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SUNDAY BRUNCH

Killer Toys

January 25, 1998|BEVERLY BEYETTE

When they say "Play ball!" at the Oregon Coast Aquarium in Newport, it's the cue for Keiko the killer whale--all 10,000 pounds of him--to beat up on his toys.

The orca, who starred in "Free Willy" and as a result was rescued from too-tight digs in a Mexican marine park and landed in a custom $7-million pool at the Oregon aquarium, is an official toy tester.

Boomer Ball of Grayslake, Ill., which makes toys for zoo animals, sends Keiko giant plastic cubes, cones and balls with which to frolic. If he doesn't break them, the company figures, a mere rhinoceros or gorilla won't.

Keiko benefits too, says Diane Hammond, spokeswoman for the Free Willy Keiko Foundation.

"While it's cute to think of Keiko with his toys, he's getting a very good physical therapy benefit" and is kept mentally stimulated.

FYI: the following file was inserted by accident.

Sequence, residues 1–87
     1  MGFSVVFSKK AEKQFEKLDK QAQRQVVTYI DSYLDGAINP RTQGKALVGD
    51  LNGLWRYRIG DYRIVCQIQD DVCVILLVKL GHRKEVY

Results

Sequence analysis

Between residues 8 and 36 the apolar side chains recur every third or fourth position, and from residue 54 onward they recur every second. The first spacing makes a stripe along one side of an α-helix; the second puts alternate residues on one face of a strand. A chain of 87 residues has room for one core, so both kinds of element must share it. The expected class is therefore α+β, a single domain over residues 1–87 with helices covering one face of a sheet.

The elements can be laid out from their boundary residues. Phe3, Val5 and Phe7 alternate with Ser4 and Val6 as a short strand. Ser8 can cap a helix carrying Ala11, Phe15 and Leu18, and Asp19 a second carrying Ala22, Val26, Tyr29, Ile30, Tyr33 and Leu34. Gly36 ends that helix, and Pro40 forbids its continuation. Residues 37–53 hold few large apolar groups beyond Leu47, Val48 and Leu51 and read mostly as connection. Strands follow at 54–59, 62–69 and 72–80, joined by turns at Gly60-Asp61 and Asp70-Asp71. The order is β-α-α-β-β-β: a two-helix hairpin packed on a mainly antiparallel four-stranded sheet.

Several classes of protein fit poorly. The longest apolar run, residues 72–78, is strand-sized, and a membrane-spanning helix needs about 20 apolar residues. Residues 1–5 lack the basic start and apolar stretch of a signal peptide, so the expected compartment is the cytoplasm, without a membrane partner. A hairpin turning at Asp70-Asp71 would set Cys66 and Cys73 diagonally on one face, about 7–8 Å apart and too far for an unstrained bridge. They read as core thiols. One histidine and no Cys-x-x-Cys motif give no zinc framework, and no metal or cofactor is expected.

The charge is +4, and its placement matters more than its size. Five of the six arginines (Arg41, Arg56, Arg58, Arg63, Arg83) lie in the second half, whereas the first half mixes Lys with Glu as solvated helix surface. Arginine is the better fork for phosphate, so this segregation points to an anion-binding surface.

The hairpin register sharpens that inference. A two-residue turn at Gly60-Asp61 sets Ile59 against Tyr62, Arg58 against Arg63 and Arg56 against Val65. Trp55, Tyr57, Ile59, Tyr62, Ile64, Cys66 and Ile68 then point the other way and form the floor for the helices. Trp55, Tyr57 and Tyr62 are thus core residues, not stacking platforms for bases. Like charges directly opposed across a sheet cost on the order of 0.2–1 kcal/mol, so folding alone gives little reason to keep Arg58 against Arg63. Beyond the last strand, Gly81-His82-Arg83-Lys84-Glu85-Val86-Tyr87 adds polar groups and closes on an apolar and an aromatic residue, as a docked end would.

Keiko made short work of one Boomer Ball, a plastic number about 3 feet in diameter, crushing it against the side of his pool.

"He may have thought it was a strange whale," reasons Boomer Ball owner Joan Schultz. "It was dark blue and speckled."

One of Keiko's favorites is a big white cube that, Hammond says, "makes a sort of boom when he thumps it with his head. It may be the noise, or because he can sort of bite the edges."

In excellent health, Keiko has reached 21 feet in length on a daily diet of 130 pounds of fish. The ultimate hope of the foundation, which raises $600,000 a year to support Keiko, is to release him to the North Atlantic, where he was captured as a 2-year-old in 1979. If that's not feasible, though, "we've committed to caring for him for the rest of his life," Hammond says.

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